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Acta Obstet Gynecol Scand. 2000 Jan;79(1):19-23.

Prediction of maternal and fetal complications in preeclampsia.

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  • 1Department of Obstetrics and Gynecology, Huddinge University Hospital, Karolinska Institute, Sweden.



Preeclampsia is associated with an increased risk for maternal and fetal morbidity. The aim of this study was to identify factors predicting for maternal or fetal complications.


One hundred and eleven patients with preeclampsia were included. Endpoint variables were maternal and fetal complications. Any of the diagnosis eclampsia, hemolysis elevated liver low platelet (HELLP) syndrome, oliguria or placental abruption was considered a maternal complication. Fetal complications were: small for gestational age (SGA) infant, umbilical artery pH<7.10 and admittance of the infant to a neonatal intensive care unit (NICU). Independent variables were maternal age, parity, gestational age, renal function, platelet count, liver enzymes and blood pressure. Logistic regression analysis was used for statistical evaluation.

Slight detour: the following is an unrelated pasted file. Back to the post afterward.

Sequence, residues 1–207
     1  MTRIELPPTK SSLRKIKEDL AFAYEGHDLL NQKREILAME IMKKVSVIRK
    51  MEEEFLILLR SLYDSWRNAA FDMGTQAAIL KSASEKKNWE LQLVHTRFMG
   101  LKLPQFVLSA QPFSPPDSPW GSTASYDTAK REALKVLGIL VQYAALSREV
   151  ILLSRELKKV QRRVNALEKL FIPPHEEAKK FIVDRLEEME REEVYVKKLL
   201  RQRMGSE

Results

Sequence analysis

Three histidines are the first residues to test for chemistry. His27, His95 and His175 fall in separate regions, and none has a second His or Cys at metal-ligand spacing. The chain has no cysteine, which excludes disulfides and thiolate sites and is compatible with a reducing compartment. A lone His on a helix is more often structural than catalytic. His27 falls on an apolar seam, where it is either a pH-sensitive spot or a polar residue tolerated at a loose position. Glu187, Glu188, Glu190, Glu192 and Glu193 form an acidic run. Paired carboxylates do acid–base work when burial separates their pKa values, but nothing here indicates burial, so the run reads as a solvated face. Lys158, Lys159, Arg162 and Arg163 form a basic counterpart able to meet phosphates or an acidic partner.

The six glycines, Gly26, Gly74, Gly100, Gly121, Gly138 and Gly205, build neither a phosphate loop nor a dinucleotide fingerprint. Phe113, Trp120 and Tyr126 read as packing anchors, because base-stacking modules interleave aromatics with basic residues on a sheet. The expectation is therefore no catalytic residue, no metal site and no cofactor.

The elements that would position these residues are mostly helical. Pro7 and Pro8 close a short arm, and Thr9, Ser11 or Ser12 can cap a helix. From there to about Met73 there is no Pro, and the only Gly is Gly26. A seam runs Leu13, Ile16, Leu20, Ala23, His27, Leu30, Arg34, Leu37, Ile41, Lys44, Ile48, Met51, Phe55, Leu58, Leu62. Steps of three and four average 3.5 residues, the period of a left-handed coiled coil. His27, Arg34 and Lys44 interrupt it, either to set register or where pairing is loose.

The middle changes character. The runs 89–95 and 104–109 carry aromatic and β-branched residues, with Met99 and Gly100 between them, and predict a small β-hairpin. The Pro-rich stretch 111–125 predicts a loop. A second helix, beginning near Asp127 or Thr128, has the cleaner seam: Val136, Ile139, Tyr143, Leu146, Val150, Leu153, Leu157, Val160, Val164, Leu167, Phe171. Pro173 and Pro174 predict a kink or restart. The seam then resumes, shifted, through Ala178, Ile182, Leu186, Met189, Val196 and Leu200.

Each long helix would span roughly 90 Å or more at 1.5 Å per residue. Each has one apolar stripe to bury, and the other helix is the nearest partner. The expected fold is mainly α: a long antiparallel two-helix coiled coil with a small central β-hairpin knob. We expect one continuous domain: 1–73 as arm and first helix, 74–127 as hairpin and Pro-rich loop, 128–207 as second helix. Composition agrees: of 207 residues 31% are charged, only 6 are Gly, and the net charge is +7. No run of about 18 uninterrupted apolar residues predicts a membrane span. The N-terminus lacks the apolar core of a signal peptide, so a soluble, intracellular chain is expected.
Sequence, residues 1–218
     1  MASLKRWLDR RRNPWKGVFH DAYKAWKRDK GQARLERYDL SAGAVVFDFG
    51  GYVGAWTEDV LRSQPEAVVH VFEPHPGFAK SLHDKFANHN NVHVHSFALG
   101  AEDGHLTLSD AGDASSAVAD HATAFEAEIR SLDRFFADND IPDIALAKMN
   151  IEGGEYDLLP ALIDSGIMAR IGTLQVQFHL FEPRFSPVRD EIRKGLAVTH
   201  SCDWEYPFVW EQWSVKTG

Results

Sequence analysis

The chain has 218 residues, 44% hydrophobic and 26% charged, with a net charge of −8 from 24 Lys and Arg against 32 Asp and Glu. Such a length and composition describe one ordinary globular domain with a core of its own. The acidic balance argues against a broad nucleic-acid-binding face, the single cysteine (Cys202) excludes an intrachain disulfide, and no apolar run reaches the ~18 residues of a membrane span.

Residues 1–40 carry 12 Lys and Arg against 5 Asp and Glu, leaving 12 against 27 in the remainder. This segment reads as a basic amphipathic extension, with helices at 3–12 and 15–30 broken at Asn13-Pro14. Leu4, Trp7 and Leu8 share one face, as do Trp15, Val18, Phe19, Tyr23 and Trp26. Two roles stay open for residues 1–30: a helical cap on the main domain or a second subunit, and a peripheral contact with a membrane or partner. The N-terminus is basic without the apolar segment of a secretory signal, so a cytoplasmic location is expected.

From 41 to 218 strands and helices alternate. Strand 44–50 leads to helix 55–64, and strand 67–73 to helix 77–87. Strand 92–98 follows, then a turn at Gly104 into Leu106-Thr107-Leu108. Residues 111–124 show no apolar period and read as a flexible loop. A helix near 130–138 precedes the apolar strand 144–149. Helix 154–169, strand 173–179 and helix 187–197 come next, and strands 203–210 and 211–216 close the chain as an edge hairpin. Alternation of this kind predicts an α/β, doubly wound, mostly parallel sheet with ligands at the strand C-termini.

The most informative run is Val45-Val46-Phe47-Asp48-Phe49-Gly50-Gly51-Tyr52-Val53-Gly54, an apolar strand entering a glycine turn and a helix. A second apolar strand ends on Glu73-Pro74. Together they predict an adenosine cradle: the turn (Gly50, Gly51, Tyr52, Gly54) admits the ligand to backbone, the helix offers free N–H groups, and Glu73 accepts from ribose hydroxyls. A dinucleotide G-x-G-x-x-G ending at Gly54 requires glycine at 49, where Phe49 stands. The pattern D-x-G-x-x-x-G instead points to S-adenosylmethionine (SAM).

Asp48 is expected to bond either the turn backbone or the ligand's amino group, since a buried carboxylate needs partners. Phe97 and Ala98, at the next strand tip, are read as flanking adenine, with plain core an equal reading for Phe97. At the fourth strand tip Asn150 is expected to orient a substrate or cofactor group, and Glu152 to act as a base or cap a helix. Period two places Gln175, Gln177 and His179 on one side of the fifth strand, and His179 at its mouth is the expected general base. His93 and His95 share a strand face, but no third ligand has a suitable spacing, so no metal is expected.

The following independent significant predictors were identified: Maternal complication (n=10) was predicted only by diastolic blood pressure; odds ratio (OR) 1.13 (95% confidence interval 1.01-1.25). SGA (n=21) was associated with maternal prepregnancy weight, OR 0.94 (0.89-0.99) and gestational age at debut of preeclampsia, OR 0.97 (0.94-0.99). NICU admittance (n=31) was only predicted by gestational age at delivery, OR 0.80 (0.67-0.96). No association was found between any of the independent variables and a low umbilical artery pH (n= 10).


In the surveillance of patients with established preeclampsia, the value of serial blood and urine sampling, which is common practice in many obstetrical units, might be questioned.

[PubMed - indexed for MEDLINE]
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